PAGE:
By Beth Donze, Kids’ Clarion
Imagine climbing into a kind of Space Walk – but one that is completely enclosed and devoid of its “bouncy” floor.
Inside, the domed space above is a 360-degree video screen offering observers realistic, moving, computer-fed panoramas of phenomena such as sunrise and sunset, the rotating and revolving planets and the shifting phases of the moon.
This portable planetarium can inflate within five minutes; deflated, it can be folded, stored in a duffel bag and thrown into the trunk of a small SUV.
Welcome to the Academy of the Sacred Heart’s Starlab, which has been bringing astronomy, geology and other sciences to bringing astronomy, geology and other sciences to life for students since February.
“They gasp. They ‘ooh’ and ‘aah.’ They squeal. It’s very different than just talking about the phases of the moon, looking at pictures or doing PowerPoints in the classroom,” said Jennifer Adams, Sacred Heart’s Lower School science teacher. “Starlab makes them feel like they’re in space and that they’re actually experiencing the phases in one class.”
Adams can pause the video, reverse and fast forward it, and zoom in and out with the click of a mouse.
The close-up views of lunar movement, for example, teach students that the moon is not actually changing shapes, but waning and waxing, depending on its position between the earth and sun.
“It brings it all together,” Adams said. “I’ve had girls come in and say, ‘Ms. Adams, did you see the moon was a waxing gibbous last night?’ With this they’re looking at the sky, almost as in real life, and they’re examining it in real time.”
Third grader Colette English said Starlab makes her feel like she’s in a spaceship.
“You can see all the different moon phases and why they are changing,” Colette said.
Third grader Elizabeth Alford enjoys getting a celestial front-row seat.
“Sometimes at night it’s either super cloudy (to see the moon) or you can’t see the whole thing,” Elizabeth said. “When you’re in the Starlab you get a close look.”
Another time-lapse animation depicts the sun “rising” in the east, “setting” in the west and the sky darkening.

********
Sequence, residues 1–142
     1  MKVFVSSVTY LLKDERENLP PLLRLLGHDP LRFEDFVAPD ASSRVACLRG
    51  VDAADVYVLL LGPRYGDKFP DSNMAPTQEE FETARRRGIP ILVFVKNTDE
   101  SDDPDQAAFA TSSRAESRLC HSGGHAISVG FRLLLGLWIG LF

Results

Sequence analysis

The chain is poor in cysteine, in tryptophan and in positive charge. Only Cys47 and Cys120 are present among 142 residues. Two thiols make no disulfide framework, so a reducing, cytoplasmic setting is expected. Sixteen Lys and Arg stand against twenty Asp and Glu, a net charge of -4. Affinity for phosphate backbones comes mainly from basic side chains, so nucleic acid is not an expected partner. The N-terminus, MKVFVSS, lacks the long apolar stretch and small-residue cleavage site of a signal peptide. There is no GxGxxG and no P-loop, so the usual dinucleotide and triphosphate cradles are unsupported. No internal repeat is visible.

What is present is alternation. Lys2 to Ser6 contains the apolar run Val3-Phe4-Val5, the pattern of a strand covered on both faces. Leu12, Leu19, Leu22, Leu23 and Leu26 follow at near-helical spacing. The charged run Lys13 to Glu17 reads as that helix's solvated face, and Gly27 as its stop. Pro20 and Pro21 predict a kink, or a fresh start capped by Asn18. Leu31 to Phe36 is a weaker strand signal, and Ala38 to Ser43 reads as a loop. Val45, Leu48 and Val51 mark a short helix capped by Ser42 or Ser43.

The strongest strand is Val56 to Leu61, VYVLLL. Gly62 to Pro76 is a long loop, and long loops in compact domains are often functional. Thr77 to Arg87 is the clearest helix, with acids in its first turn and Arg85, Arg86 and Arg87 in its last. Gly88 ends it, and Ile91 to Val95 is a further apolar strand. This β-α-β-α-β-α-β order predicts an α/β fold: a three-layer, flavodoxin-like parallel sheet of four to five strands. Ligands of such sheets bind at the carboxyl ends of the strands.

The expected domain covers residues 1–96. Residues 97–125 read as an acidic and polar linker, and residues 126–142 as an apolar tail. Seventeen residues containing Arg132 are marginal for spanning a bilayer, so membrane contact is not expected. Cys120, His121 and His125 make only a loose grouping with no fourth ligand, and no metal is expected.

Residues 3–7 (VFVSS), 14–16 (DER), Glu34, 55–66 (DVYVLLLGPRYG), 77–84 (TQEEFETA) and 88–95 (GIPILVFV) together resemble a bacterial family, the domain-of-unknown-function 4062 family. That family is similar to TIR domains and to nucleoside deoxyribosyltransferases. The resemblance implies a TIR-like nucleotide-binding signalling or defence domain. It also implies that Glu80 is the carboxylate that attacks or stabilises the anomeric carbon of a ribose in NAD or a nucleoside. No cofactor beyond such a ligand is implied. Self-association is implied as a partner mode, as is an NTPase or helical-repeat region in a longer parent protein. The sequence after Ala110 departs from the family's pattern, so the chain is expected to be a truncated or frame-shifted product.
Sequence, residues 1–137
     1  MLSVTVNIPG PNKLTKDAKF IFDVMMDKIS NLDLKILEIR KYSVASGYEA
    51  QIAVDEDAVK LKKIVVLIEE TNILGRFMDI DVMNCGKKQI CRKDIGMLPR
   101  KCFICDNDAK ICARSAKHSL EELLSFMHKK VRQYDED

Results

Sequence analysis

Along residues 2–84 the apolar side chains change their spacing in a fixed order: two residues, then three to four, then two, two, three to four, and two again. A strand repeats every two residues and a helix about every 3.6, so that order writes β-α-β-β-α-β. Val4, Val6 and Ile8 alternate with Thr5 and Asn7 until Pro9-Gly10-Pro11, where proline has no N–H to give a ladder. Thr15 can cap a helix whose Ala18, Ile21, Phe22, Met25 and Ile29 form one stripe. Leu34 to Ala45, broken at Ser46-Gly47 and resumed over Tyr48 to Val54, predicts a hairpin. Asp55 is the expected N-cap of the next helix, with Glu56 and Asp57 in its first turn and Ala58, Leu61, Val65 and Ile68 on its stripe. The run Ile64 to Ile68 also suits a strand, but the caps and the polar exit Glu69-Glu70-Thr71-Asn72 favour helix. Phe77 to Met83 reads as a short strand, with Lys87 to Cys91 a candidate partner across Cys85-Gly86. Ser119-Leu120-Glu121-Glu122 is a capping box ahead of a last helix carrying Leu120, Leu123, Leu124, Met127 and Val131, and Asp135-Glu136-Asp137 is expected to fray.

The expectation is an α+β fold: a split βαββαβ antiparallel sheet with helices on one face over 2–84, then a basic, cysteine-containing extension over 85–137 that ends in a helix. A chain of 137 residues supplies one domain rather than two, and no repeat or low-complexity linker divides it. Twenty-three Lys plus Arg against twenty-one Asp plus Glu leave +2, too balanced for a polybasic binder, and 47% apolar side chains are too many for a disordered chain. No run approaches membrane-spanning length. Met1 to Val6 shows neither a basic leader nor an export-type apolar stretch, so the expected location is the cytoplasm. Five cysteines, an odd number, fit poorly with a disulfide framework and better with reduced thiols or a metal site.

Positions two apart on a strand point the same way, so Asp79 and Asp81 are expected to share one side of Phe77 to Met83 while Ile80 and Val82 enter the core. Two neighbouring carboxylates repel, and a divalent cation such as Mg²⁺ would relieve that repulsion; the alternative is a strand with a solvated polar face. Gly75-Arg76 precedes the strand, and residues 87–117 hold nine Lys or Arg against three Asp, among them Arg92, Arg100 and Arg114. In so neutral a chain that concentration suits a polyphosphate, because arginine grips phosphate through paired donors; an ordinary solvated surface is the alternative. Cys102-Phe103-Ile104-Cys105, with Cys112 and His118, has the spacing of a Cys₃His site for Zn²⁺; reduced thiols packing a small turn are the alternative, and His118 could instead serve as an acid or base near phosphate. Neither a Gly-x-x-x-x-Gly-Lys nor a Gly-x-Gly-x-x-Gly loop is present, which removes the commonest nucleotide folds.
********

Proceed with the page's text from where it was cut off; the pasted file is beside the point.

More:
“The stars start to come up,” said Adams, who seizes the moment to teach her students about how the earth’s rotation caused night and day, while the sun and constellations remain in fixed positions. Adams can then zoom out to show the earth’s relation to the sun, its fellow revolving planets and its tiny membership in the wider Milky Way.
Sacred Heart’s fourth graders have been using Starlab to probe the layers of the earth, earthquakes, volcanoes and plate tectonics. For example, Starlab can take them back in time to see the supercontinent of Pangea break up like puzzle pieces into the land masses we know today.
“I can show them the boundaries of the tectonic plates, and then they see red dots showing the locations of all recorded earthquakes,” Adams said. “They get to see where the (plate) boundaries are and why earthquakes tend to occur in those locations.”
Here is a peek at other ways the special technology is being used at Sacred Heart:
➤ Starlab helped sixth-grade science teacher Leigh Damaré enhance her classroom lessons on plate tectonics, ocean currents, erosion, weathering and plastic pollution.
➤ Seventh-grade teacher Melissa Wren-Dial used Starlab in concert with her unit on evolution. Students studied geologic time and mass extinction events.
➤ High school-level Starlab offerings include animations that bring cell biology to life.
Starlab was funded through a gift from Future Founders, an alumnae giving circle at Sacred Heart.